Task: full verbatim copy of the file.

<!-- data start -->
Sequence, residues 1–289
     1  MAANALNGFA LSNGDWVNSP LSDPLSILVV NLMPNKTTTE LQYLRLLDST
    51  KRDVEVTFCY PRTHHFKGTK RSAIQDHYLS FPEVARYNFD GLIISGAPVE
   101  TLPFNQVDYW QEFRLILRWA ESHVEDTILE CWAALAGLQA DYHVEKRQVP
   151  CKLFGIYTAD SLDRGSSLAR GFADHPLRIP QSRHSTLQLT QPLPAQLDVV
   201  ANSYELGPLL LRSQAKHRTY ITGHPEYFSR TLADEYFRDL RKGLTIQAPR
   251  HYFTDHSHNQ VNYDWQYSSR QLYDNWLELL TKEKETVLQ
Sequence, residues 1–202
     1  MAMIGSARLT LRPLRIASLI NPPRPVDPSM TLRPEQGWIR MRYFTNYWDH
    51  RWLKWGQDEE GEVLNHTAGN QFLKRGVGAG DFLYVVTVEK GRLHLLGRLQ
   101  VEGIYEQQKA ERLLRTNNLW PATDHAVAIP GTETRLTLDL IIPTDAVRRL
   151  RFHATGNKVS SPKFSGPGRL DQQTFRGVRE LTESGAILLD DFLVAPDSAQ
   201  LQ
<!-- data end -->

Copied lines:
Sequence, residues 1–289
     1  MAANALNGFA LSNGDWVNSP LSDPLSILVV NLMPNKTTTE LQYLRLLDST
    51  KRDVEVTFCY PRTHHFKGTK RSAIQDHYLS FPEVARYNFD GLIISGAPVE
   101  TLPFNQVDYW QEFRLILRWA ESHVEDTILE CWAALAGLQA DYHVEKRQVP
   151  CKLFGIYTAD SLDRGSSLAR GFADHPLRIP QSRHSTLQLT QPLPAQLDVV
   201  ANSYELGPLL LRSQAKHRTY ITGHPEYFSR TLADEYFRDL RKGLTIQAPR
   251  HYFTDHSHNQ VNYDWQYSSR QLYDNWLELL TKEKETVLQ
Sequence, residues 1–202
     1  MAMIGSARLT LRPLRIASLI NPPRPVDPSM TLRPEQGWIR MRYFTNYWDH
    51  RWLKWGQDEE GEVLNHTAGN QFLKRGVGAG DFLYVVTVEK GRLHLLGRLQ
   101  VEGIYEQQKA ERLLRTNNLW PATDHAVAIP GTETRLTLDL IIPTDAVRRL
   151  RFHATGNKVS SPKFSGPGRL DQQTFRGVRE LTESGAILLD DFLVAPDSAQ
   201  LQ